3. Enhance risk reporting. Ever-broader regulation and the need to adjust to market developments require rapid, fact-based decision making, which means better risk reporting. While regulatory requirements have already done much to improve the quality of the data used in risk reports and their timeliness, less attention has been given to a report’s format or how it could be put to better use when making decisions. Replacing paper-based reports with an interactive tablet solution that offers information in real time and enables users to do root-cause analyses would enable banks to make better decisions, faster, and identify potential risks more quickly too.

  4. Collaborate for balance-sheet optimization. Given the many different and new regulatory ratios (such as capital, funding, leverage, total loss-absorbing capacity, and bank levy, to name a few), the composition of the balance sheet is arguably more important than ever to support profitability. The risk function can help optimize the balance sheet by working with finance and strategy functions to consider various economic scenarios, strategic choices (how much a bank would be prepared to increase or shrink a loan portfolio, for example), and likely regulation. The process, performed with the support of analytical optimization tools, often suggests ways to improve return on equity by anywhere between 50 and 400 basis points while still fulfilling all regulatory requirements.

  5. Put the enablers in place. It goes without saying that high-performing risk functions depend on a high-performing data infrastructure. What perhaps deserves more attention is the importance of starting to build the right mix of talent and embedding a risk culture. Data scientists with advanced mathematical and statistical knowledge will increasingly need also to be able to work as “business translators,” collaborating across the bank to convert data insights into business actions. Indeed, risk managers will become trusted counselors to business areas (though fewer staff will be needed in traditional operational areas). Attracting talented employees will itself be a challenge, as many potential candidates could be lured to technology firms unless banks strengthen their value propositions. A strong risk culture—in which detection, assessment, and mitigation are part of the daily job of all bank employees—will be central to the success of the risk function. For despite the push toward automation and more sophisticated analytical and technical capabilities, only human intervention will ensure they are applied appropriately and ethically.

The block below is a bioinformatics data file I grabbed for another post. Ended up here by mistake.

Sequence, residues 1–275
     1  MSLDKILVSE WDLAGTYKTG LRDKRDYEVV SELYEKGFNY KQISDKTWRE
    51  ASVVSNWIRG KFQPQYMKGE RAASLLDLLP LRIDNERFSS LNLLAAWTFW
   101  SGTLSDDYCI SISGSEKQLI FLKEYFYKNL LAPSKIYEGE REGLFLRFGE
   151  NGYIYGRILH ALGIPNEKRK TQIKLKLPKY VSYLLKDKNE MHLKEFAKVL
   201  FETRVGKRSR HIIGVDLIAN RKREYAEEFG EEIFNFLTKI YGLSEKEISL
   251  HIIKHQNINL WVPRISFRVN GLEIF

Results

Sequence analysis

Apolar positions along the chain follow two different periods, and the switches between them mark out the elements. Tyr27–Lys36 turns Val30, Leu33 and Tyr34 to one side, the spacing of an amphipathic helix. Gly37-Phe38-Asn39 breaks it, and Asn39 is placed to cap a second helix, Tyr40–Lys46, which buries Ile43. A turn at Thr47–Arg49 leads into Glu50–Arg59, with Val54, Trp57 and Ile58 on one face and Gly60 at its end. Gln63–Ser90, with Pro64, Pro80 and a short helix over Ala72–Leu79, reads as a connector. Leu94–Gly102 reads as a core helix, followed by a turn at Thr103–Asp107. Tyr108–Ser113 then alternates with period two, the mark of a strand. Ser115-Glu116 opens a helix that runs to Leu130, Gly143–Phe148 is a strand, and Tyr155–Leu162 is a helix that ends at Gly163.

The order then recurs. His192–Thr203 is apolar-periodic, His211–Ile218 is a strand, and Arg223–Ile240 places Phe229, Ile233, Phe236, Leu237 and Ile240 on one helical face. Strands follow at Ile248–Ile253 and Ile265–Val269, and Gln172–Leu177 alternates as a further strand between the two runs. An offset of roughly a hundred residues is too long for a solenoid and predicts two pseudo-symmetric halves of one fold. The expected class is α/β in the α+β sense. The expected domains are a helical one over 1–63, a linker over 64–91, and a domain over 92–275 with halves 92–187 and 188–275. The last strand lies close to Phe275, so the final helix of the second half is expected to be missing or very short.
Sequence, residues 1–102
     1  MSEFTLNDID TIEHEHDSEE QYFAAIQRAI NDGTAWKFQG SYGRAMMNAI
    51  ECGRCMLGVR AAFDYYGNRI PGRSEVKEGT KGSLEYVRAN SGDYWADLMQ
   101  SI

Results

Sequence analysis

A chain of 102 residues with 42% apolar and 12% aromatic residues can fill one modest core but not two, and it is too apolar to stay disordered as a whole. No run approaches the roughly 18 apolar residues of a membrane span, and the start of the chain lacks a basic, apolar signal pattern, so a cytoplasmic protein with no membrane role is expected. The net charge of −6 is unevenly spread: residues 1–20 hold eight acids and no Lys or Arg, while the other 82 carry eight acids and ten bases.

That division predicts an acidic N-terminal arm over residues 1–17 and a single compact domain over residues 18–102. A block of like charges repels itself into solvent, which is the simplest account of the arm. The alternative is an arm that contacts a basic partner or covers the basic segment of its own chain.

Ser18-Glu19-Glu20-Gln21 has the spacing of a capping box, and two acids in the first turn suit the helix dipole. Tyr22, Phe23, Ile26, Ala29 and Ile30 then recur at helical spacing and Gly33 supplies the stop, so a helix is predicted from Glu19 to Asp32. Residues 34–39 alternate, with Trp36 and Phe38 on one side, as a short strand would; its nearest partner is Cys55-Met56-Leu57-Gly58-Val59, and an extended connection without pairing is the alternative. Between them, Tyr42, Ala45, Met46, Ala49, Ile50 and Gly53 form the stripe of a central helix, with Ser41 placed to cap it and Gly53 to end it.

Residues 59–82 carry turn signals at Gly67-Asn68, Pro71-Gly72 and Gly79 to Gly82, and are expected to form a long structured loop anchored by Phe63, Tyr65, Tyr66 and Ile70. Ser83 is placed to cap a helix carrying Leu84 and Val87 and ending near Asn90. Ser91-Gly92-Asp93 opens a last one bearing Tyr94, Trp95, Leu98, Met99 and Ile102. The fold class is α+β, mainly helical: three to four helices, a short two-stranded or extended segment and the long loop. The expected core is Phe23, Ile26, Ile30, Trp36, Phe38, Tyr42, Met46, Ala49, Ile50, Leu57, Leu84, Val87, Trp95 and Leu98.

Fundamentally changing bank risk-management functions will take years. Now is the time to start the transformation. Our vision for a bank’s risk-management function in 2025 is one where the function is the architect of a seamless system that monitors risk throughout the organization and makes de-biased risk decisions, that has stronger, more collaborative relationships with other parts of the bank, and that is more engaged at a strategic level than it is today. The actions described here are some steps risk functions can take today to move toward this vision and to help the bank excel among its competitors.

Download the full report on which this article is based, The future of bank risk management (PDF–7.55MB).

About the author(s)

Philipp Härle is a director in McKinsey’s London office, Andras Havas is an associate principal in the Budapest office, and Hamid Samandari is a director in the New York office.